Visual Order to Organizing Collections
Succession Of Collections
Great book collections, as well as large museums, have absorbed within them previous collections. The Vatican Library took pride in its role as a preserver of and successor to previous cultures. Sixtus V (r. 1585–1590) commemorated that tradition by commissioning fictive fresco images of some of the libraries contained within his collecting project. The graphical design shows the arrangement of images of great libraries of diverse peoples and the great council meetings that set church doctrine. Works that in private hands might cause an accusation of heresy against their owner were safely stored in the closed cabinets five feet high on the perimeter wall and around the columns of this rectangular great hall, 184 by 57 feet.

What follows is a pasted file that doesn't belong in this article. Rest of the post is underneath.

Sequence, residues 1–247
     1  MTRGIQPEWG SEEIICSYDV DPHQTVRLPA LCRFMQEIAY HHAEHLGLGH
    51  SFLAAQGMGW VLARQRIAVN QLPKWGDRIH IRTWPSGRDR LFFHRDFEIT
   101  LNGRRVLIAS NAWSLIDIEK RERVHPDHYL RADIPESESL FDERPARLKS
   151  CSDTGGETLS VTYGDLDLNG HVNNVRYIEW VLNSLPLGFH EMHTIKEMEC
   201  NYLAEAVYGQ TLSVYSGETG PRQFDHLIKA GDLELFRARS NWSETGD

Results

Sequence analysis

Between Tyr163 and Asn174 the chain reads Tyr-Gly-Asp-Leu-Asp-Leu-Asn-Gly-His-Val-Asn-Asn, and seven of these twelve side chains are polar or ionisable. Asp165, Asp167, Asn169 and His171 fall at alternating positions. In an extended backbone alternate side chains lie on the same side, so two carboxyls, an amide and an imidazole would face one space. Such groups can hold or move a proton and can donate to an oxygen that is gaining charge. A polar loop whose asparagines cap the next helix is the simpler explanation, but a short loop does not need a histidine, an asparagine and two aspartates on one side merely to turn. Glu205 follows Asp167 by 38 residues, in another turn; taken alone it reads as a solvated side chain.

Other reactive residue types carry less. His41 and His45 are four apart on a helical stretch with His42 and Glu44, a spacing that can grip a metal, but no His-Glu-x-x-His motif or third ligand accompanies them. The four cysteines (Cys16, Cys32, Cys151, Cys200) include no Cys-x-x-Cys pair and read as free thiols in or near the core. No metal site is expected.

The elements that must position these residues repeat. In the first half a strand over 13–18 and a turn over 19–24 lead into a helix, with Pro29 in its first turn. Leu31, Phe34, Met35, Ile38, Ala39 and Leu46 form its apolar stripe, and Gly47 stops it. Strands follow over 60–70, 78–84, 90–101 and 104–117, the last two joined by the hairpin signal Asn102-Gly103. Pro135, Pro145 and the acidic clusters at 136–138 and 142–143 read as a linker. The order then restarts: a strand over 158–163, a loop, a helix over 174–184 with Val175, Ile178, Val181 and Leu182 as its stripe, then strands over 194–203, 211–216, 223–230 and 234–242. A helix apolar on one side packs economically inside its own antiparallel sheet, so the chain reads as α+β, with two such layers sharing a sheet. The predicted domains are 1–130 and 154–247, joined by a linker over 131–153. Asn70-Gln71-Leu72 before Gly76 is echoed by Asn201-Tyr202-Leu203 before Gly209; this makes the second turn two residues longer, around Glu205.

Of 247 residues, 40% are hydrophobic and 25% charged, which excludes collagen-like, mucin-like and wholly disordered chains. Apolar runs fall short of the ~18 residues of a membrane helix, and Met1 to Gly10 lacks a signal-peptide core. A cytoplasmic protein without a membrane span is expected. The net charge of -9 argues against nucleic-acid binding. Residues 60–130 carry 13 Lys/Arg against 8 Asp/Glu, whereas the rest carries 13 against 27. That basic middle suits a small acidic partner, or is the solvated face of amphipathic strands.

The neo-Gothic library of the London Guild House also has visual renditions of earlier libraries. Starting with the Louvre in the late eighteenth century, great museums sought to collect works from a succession of great civilizations: the Egyptian, the Greek, the Roman, the Christian, the Italian Renaissance, the French Classical, and so forth. With changing tastes in the nineteenth century, curators added additional works of medieval art and of Northern Renaissance art.
- Visual Order to Organizing Collections - Circles Of Knowledge
- Visual Order to Organizing Collections - Disciplines Of Knowledge
- Other Free Encyclopedias
Science EncyclopediaScience & Philosophy: Verbena Family (Verbenaceae) - Tropical Hardwoods In The Verbena Family to WelfarismVisual Order to Organizing Collections - Hunting For Precious Objects, Horticulture And Culture, Cabinets Of Curiosity, "portraits" Of Authors